Ryanair Flight Crisis Unabated as Executive Heads for Exit

  • Hickey to step down at the end of October, spokesman says
  • Dublin-based discount carrier begins search for successor

Michael O'Leary, chief executive officer of Ryanair Holdings Plc, attends the company's annual general meeting in front of a group of photographers and members of the media in Dublin, Ireland, on Thursday, Sept. 21, 2017.

Ryanair Holdings Plc’s flight-cancellation crisis enters its fourth week after the public furor over 20,000 scrapped services claimed the first senior manager at the Irish discount carrier and pilots stepped up moves toward unionization.

Chief Operating Officer Michael Hickey is leaving at the end of this month after almost three decades at the airline, Ryanair said late Friday, without naming a successor. Calling him a “hard act to replace,” Hickey will remain in an advisory role while Ryanair searches for a suitable successor.

The botched response to a pilot shortage, the result of sloppy vacation planning and defections to other carriers, has engulfed Ryanair for several weeks and enraged customers, regulators and politicians alike. Michael O’Leary, the hard-talking chief executive officer, took the unusual step of making a personal pledge to pilots last week, offering improved pay and career prospects to avert an open rebellion among employees.

O’Leary, who said previously that “villainizing” him or someone else down the company food chain wasn’t a priority, praised Hickey for his “enormous contribution” to Ryanair, which has turned itself into Europe’s largest discount carrier with its rock-bottom fares and fast aircraft turnarounds.

Even with ongoing fallout, Ryanair has stabilized operational issues, with 98 percent of passengers refunded or re-accommodated on alternative flights, according to the company. While the carrier “deeply regretted” scrapping flights through the winter flying schedule, the move has lifted punctuality, with 97 percent of flights leaving on time last week after dropping to under 70 percent in the weeks leading up to the crisis, Chief Marketing Officer Kenny Jacobs said in a statement Monday.

The exit of the executive and the CEO’s direct appeal to flight crew appears not to have headed off employee moves toward seeking collective bargaining. The Irish Independent reported that some pilots are seeking to create an unofficial union in the form of a pan-European employee representative committee -- the name Ryanair uses for its own in-house negotiating councils.

The newspaper cited a letter circulated over the weekend which it said laid out an action plan for establishing a central structured body, estimating that the move has the backing of pilots from at least 15 Ryanair bases. That communication also appeared on the Pilots Unite website, which claims to represent the carrier’s pilots, though no names for its backers were given.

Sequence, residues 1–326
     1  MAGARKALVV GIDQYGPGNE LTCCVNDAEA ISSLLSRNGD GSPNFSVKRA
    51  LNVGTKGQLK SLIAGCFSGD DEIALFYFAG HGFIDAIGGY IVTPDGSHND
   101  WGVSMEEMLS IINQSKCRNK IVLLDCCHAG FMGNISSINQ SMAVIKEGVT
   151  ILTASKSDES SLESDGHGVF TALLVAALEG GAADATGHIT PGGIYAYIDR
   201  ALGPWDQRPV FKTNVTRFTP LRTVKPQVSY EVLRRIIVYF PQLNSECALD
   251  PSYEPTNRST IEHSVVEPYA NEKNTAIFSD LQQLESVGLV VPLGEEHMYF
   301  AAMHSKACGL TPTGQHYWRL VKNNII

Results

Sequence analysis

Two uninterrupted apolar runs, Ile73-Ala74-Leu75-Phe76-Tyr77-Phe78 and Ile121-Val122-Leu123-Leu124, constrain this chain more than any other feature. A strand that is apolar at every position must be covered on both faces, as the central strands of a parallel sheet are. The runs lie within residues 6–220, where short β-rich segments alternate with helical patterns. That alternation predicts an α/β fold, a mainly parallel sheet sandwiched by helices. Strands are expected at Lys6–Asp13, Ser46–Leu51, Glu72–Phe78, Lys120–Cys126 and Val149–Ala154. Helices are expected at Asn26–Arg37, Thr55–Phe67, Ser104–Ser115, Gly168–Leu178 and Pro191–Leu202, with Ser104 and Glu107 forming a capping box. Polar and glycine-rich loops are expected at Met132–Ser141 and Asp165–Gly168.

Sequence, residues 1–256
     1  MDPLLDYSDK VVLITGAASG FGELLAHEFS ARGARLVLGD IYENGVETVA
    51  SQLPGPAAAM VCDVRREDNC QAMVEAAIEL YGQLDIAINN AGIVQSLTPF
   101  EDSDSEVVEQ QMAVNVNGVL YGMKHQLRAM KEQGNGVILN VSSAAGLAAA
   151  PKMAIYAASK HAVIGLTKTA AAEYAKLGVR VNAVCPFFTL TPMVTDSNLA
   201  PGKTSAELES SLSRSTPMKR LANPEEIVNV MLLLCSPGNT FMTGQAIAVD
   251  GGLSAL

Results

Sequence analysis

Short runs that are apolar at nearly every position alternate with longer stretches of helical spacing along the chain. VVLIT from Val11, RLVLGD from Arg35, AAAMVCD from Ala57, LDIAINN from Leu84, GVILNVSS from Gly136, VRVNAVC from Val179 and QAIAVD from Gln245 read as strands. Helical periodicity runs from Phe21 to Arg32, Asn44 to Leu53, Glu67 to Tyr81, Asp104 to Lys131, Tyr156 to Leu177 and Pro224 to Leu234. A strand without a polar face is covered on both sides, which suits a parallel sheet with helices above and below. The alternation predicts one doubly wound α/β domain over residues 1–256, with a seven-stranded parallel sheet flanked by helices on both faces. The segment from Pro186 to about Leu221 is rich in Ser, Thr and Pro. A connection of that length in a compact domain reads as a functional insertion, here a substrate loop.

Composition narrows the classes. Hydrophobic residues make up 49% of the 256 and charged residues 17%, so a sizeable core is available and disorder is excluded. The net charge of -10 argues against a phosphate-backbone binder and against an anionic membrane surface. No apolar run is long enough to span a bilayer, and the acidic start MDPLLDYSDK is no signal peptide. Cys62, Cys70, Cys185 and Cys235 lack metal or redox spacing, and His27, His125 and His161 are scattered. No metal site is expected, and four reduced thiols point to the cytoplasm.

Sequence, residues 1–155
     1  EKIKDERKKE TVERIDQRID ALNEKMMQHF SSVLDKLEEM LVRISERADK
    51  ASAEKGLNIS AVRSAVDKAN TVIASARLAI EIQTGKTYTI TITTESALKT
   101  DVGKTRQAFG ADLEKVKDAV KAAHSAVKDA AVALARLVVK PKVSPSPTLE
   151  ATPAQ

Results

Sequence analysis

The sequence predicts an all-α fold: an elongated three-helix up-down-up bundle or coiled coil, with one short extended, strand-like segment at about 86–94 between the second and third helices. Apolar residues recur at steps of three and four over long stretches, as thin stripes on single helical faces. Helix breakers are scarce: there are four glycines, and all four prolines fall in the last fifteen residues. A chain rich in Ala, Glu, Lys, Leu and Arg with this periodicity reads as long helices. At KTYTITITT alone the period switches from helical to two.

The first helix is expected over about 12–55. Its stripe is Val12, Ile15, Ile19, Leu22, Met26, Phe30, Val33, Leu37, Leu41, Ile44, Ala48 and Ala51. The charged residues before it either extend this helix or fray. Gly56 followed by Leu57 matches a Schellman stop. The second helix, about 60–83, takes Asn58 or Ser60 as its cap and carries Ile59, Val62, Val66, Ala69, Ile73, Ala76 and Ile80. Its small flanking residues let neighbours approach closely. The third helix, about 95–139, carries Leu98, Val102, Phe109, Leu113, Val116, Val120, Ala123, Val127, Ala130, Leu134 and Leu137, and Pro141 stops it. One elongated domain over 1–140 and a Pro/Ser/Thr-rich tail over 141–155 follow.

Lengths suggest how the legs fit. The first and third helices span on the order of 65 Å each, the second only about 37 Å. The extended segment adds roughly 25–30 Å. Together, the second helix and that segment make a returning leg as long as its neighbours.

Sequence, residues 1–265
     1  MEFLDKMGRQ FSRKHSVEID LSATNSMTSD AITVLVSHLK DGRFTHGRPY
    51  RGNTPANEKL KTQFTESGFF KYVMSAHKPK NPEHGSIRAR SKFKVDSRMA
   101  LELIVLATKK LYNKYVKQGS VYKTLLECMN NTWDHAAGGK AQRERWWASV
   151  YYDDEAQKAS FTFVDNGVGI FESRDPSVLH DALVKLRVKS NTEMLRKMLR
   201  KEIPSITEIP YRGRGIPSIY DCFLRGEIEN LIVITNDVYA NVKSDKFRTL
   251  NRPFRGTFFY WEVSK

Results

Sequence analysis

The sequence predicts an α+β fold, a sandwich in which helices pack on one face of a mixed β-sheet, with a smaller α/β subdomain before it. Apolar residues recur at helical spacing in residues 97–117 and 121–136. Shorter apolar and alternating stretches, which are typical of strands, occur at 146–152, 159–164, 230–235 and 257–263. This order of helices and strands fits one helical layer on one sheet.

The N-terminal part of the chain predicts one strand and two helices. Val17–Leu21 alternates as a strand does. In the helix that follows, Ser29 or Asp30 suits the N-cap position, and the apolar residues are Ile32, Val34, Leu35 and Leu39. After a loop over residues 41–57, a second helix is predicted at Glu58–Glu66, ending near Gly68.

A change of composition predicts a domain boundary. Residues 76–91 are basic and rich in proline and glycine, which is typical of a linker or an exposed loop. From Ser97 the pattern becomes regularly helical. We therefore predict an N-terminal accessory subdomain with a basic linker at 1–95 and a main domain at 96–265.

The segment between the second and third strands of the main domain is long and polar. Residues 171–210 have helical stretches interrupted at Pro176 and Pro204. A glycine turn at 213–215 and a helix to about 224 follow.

Ryanair has previously said it “will not respond or accede to” anonymous demands made via unsigned communications, cautioning that prior emails have been drafted by pilots and unions at rivals who are pursuing “an industrial relations agenda at the expense” of Ryanair.

A separate note published on the Pilots Unite site Monday said flight crew won’t consider pay offers for staff at 60 of Ryanair’s bases before the carrier appoints a third party to handle disciplinary action and provides paid leave for people engaged in representative activities.

Disrupted Customers

O’Leary has made a name for himself with his hard-charging approach that long prioritized cheap tickets and low costs. In recent years, he’s worked to redefine the public perception of his airline by improving in-flight service and the check-in experience to widen the appeal to business travelers as competition for low-cost travel intensifies.

The cancellations, first announced last month, have affected flights for about 700,000 customers and reduced the company’s growth plans by 6 million passengers this year and next. In order to focus all management attention to the response, Ryanair also scrapped plans to bid for insolvent carrier Alitalia SpA, which would have given it access to long-distance routes, among O’Leary’s long-term expansion aspirations.

Ryanair’s renowned efficiency, built on cheap seats and punctuality, helped turn the company into Europe’s largest airline by market value, but left it little room for maneuver when circumstances changed. The cancellation crisis erupted after mismanagement of Ryanair’s pilots’ annual leave requirements that had left it without enough cockpit crew to operate its full schedules. Hundreds of pilots have also left the carrier in the past year, drawn by higher pay and better career prospects at other airlines.

Hickey will conclude “a number of large projects” before leaving, such as arranging an engine maintenance contract and new hangars in Madrid and Seville, Spain, O’Leary said. The operating chief, who assumed the post in 2014, has been at the airline since 1988, joining as an engineer and rising to run the department.

Shares of Ryanair were little changed at 16.51 euros as of 12:59 p.m. in Dublin.

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